Being Mortal, Atul Gawande
Atul Gawande’s Being Mortal transformed the personal pain I felt from witnessing my father at the end of his life into a realization of the systemic need for human-centered design approaches to end of life healthcare. Though he may not call himself a designer, there is something profoundly innovative about Gawande’s approach to thinking about end of life healthcare. At the root of his call to action is the notion that the end of life healthcare system as it exists today has been built for the wrong user: the family of the patient, rather than patients themselves. While family members are key stakeholders in the end of life, their needs and wants are fundamentally different than those of patients. They desire safety and longer lives for their loved ones; patients desire autonomy over their lives that will sustain the quality of their life.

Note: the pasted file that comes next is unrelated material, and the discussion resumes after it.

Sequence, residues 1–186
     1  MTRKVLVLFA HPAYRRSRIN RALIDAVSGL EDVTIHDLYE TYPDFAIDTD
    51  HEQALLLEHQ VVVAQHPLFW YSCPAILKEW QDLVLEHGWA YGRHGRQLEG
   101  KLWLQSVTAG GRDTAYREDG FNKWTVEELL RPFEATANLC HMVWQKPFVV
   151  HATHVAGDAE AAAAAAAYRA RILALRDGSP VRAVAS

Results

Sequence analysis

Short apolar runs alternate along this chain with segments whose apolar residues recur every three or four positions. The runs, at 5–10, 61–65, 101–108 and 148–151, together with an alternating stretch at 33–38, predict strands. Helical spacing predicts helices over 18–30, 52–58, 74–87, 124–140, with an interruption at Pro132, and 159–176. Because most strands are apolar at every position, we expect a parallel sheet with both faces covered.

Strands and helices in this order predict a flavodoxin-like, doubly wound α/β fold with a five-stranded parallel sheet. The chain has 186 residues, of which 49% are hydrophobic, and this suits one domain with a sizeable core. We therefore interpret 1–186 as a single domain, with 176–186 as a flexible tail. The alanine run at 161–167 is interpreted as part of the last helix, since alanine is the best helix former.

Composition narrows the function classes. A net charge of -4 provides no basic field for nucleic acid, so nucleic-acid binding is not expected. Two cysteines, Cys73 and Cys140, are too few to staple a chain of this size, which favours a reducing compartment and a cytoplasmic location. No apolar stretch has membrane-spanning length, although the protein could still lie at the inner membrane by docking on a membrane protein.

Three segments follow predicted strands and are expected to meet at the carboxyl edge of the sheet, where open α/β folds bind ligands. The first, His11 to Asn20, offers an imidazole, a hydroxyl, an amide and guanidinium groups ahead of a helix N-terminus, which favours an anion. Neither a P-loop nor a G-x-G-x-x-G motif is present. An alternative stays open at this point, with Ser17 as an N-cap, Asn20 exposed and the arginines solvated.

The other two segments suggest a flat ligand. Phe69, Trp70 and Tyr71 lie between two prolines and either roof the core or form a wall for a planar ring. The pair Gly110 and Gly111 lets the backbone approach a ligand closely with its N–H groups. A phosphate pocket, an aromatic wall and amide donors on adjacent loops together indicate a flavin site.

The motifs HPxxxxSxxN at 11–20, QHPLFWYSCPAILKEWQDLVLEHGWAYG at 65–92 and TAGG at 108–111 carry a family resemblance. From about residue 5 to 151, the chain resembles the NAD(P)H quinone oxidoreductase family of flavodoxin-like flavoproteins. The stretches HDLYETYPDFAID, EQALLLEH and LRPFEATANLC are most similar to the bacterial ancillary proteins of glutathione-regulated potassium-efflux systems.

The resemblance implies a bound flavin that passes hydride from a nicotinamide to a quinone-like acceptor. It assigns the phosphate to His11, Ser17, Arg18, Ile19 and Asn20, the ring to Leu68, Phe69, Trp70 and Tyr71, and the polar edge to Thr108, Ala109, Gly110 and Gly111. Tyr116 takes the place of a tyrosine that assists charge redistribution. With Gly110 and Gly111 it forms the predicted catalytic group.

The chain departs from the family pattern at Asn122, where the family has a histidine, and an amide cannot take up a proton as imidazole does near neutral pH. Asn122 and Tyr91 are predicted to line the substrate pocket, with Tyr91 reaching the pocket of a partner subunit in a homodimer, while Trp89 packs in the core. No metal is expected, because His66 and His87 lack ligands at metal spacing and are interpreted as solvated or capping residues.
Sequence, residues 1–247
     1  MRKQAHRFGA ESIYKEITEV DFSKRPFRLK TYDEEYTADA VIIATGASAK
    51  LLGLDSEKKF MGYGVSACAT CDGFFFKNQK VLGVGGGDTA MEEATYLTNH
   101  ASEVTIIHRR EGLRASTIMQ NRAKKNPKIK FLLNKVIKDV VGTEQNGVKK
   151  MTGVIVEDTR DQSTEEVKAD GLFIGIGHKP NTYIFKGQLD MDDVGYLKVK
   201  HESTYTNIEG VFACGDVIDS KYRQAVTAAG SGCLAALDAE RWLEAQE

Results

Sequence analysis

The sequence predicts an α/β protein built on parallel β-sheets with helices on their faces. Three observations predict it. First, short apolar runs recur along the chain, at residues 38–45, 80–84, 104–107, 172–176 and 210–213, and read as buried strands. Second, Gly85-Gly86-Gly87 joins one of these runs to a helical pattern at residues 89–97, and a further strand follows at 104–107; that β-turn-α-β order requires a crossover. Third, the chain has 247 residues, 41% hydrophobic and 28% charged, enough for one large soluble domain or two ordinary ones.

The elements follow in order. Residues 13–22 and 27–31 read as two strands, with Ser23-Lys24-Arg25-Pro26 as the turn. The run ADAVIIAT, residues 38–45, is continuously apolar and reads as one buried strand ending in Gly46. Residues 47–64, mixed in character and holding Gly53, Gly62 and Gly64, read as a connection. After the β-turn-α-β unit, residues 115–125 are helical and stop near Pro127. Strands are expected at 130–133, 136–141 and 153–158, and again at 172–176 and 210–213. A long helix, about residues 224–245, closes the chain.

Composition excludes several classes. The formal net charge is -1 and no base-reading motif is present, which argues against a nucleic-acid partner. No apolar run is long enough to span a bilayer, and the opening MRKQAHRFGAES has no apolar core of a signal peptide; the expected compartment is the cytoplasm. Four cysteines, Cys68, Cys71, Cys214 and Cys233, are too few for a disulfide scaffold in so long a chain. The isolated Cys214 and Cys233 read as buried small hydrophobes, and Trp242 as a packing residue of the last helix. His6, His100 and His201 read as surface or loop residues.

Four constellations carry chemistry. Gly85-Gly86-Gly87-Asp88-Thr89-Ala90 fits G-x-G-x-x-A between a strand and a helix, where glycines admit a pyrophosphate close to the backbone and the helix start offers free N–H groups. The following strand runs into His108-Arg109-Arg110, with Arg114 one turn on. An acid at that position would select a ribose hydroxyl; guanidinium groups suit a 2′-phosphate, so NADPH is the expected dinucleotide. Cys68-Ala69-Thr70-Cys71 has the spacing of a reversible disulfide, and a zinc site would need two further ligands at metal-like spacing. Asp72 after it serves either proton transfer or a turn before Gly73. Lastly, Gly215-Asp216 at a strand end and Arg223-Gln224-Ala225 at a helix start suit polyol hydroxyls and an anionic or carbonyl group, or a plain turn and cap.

Whose needs win out? We find the answer in the increasing occupation of hospital beds and nursing homes, which are environments that families find to be most accommodating to their needs for their elderly parents and grandparents. Yet if the end of life healthcare system is supposed to serve patients but sacrifices their needs in order to prioritize the needs of families, it has ultimately failed its users, and patients at the end of their lives will fall into this gap. The end of life healthcare system thus requires a reprioritization and humanization of the patient.